Our industry is still struggling to build a safe SW and HW scalable platforms and programming paradigm that hold accelerators and related SW to the same ASIL and ISO 26262 standards as traditional automotive ECU HW/SW.
So yeah, I am with you on this. If you recollect everyone were so adamant about having L5 autonomy in 2021. Right now the industry is struggling with L3 let alone L5. It will happen, just not yet.
Do you work for Uber?
 
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mindless1

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It's pointless to talk about AI. That has nothing to do with nVidia et al central processing hardware, rather nearly 100% about software and sensors to support it. It'll take much longer to mature than CPU/GPU hardware did.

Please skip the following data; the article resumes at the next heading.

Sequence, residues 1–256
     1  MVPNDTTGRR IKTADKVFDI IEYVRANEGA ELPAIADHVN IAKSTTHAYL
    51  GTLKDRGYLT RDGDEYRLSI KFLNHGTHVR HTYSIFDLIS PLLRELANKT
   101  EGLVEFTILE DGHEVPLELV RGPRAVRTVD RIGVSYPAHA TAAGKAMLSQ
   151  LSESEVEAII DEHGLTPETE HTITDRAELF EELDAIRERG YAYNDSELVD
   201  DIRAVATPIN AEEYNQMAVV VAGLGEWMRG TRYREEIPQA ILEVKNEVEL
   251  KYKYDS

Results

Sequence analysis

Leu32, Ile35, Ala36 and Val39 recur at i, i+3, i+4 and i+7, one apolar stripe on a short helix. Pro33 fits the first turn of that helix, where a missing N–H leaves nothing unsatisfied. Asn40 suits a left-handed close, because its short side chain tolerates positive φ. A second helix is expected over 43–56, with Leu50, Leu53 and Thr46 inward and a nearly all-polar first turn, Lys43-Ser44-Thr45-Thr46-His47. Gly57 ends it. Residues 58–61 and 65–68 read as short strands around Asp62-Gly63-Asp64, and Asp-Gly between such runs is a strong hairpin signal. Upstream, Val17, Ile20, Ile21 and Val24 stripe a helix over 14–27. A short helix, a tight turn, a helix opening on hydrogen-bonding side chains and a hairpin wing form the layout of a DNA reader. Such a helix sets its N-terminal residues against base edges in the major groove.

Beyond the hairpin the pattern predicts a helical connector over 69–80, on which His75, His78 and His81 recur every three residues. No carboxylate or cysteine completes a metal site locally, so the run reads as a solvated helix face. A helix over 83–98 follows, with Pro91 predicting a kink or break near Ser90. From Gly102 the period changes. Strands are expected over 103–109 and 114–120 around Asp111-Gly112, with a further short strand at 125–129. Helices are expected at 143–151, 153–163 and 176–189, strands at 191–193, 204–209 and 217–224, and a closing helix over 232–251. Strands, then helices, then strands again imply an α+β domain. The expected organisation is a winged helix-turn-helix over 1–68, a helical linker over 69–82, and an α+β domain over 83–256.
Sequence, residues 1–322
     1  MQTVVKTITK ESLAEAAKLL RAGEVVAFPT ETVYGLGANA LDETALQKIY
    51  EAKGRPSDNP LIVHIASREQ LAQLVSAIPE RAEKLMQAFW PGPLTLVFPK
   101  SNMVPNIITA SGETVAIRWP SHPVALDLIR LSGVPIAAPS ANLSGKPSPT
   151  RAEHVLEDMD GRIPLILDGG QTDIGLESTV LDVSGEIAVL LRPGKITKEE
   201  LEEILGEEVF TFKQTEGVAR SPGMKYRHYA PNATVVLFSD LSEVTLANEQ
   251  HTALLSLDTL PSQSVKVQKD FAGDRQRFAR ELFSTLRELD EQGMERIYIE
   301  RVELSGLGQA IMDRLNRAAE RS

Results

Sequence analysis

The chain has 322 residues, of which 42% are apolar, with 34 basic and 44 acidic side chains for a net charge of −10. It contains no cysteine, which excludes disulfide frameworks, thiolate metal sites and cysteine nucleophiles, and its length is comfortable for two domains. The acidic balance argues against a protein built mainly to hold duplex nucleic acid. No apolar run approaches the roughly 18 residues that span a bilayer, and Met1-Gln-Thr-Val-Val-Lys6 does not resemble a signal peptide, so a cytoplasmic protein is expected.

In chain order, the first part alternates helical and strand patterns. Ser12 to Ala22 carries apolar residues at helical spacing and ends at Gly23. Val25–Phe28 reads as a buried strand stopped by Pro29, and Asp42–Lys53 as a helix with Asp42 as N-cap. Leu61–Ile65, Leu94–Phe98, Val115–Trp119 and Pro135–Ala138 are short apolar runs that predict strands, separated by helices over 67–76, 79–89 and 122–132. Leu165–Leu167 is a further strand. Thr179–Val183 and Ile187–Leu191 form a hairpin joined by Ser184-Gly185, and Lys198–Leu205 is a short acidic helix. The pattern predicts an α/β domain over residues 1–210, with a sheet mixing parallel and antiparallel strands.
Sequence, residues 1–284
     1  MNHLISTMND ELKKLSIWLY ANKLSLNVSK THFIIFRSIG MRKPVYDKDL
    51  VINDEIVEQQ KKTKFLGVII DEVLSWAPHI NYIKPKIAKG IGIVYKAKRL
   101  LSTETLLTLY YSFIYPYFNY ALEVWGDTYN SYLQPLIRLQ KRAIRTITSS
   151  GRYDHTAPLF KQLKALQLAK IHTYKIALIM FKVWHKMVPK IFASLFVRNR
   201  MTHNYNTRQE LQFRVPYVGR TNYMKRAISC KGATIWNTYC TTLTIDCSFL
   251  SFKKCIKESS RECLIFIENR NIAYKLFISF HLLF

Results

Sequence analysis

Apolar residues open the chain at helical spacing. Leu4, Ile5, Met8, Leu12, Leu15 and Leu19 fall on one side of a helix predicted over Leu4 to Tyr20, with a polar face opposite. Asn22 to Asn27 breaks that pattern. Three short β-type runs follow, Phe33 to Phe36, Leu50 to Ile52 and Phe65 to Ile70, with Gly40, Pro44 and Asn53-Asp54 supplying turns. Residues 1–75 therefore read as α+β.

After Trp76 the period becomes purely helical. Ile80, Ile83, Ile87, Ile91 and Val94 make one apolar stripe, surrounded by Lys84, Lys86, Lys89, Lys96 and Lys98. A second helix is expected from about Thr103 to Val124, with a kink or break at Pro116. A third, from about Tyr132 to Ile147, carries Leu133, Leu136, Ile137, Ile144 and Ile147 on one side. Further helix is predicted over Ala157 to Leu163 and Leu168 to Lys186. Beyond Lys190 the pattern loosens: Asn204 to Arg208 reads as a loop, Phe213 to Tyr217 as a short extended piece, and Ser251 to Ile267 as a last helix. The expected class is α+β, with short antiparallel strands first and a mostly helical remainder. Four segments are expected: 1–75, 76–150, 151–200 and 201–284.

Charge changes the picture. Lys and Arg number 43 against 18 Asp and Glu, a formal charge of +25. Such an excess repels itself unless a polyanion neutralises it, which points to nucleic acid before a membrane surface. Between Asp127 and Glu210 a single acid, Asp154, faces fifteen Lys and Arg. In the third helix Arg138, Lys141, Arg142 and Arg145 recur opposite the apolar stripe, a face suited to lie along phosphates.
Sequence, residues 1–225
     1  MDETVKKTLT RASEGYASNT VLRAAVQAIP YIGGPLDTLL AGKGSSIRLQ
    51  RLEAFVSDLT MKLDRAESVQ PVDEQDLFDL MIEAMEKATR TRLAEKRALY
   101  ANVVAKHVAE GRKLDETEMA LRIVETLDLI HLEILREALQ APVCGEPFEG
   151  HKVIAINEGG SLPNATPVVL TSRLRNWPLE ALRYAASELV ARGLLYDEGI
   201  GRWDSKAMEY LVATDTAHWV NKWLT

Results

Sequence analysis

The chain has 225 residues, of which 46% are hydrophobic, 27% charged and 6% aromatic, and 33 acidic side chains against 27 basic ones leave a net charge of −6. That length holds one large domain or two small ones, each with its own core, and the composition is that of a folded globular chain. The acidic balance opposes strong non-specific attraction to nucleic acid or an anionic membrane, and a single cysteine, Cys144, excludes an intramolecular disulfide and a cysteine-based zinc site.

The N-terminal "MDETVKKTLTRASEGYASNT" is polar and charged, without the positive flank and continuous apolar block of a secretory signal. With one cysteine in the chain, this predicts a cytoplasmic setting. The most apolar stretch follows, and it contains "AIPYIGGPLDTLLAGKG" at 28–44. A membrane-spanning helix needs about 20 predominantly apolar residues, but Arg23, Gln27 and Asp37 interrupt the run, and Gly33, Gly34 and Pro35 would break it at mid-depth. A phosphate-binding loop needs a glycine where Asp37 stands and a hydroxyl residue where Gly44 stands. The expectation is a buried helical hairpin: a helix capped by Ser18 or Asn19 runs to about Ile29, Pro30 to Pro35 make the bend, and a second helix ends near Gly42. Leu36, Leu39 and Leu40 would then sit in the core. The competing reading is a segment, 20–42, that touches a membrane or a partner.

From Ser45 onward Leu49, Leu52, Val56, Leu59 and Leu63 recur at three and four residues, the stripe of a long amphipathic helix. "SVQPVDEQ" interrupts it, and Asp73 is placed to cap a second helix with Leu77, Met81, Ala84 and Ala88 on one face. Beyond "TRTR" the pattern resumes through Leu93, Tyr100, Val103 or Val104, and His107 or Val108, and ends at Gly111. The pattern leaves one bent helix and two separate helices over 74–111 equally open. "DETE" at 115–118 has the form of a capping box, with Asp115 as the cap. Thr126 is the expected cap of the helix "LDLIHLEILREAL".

IntelUser2000

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BTW I would love to be wrong about gen 5. self driving and Elon Musk seems hell bent to prove it
A little while ago Tesla was having serious problems meeting demand and an article came out and said rather than doing tried-and-true ways of production they wanted to revolutionize the space, and a lot of it involved automating a lot more.

Later Elon Musk came out and said too much automation was the culprit and it hindered their production. He ended up hiring more people.

Since he's among the many that talked about AI Doomsday scenarios you can see why he ran the company that way. Actually he did achieve a lot, and that's due to his attitude that probably nothing is impossible. Reality does come knock at your door and bring you back down to earth every now and then.
 
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Dribble

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GPU wise nVIDIA is unbeatable but CPU wise...